January 2015, Vol. 70, No. 1


Savings Act Could Help Small Communities Fund Water Infrastructure

On Sept. 18, 2014, Congressman Marlin Stutzman (R-IN) introduced the “Water Supply Cost Savings Act,” or “Savings Act,” legislation to provide small communities across the nation with critical information on the use of water wells and water well systems to deliver high quality, affordable drinking water.

The Savings Act (HR 5659) was greeted with enthusiastic support from the water supply industry, including the Water Systems Council, the Water Quality Association and the National Groundwater Association.

The Savings Act is aimed at reducing the costs to federal, state and local governments in providing quality drinking water to millions of Americans living in rural and isolated communities by promoting cost-effective community well water systems.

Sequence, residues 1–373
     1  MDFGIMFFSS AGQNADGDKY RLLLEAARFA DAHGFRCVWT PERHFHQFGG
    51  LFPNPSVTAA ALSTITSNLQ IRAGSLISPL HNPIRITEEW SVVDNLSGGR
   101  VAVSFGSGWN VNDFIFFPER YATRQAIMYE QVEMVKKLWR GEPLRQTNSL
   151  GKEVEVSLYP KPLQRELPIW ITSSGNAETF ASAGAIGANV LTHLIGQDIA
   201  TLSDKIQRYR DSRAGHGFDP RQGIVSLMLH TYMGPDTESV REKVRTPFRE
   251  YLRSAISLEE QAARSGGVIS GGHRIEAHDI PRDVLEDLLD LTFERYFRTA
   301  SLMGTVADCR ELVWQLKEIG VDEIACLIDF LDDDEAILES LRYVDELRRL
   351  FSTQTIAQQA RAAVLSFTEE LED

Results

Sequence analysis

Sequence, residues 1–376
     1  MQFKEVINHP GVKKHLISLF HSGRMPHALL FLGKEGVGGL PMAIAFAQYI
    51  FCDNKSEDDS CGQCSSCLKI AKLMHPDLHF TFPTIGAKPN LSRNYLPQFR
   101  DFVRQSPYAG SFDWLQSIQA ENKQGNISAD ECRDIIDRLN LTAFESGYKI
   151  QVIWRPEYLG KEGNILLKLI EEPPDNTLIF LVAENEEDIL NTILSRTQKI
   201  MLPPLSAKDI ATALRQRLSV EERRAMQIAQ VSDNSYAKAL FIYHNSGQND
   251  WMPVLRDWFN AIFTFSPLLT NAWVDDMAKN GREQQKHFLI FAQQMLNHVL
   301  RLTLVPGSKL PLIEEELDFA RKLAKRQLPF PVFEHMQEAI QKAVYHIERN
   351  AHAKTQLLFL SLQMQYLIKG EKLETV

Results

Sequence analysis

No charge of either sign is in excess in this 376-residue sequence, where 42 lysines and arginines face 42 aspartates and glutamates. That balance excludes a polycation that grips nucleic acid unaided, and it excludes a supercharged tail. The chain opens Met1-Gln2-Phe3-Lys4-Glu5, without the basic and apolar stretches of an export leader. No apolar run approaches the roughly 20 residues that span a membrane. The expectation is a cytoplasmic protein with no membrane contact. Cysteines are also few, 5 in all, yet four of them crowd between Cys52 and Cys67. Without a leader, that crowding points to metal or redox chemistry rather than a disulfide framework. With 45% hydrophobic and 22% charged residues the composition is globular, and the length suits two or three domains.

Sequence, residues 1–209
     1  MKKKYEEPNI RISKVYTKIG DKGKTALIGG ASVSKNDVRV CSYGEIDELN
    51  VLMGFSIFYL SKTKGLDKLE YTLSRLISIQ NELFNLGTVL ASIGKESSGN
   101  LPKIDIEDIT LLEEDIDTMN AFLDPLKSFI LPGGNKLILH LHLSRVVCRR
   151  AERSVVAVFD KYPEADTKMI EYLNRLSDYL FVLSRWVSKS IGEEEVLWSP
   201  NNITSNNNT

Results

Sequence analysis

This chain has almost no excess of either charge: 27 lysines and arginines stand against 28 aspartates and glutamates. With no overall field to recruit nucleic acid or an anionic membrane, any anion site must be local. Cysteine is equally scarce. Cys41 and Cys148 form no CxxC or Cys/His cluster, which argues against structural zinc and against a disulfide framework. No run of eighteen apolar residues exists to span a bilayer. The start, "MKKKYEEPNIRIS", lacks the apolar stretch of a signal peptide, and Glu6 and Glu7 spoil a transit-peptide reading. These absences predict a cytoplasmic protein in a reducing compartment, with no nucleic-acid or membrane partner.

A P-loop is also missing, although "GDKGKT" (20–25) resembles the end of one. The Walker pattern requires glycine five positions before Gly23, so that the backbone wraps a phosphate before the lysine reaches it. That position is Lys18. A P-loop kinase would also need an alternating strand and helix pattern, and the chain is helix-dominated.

To assist small communities with their consideration of drinking water technology needs, the Savings Act establishes a Drinking Water Technology Clearinghouse where the Administrator of the Environmental Protection Agency and the Secretary of Agriculture will disseminate information on cost-effective, innovative, and alternative drinking water delivery systems, including systems that are supported by wells.

There are 52,000 community water systems in the United States, of which 41,801 are small community water systems (3,300 or fewer people). EPA’s most recent Drinking Water Needs Survey placed the shortfall in drinking water infrastructure funding for small communities at $64.5 billion. The Savings Act will encourage these small communities to consider less expensive drinking water systems supplied by wells that could save taxpayers billions of dollars in infrastructure costs.

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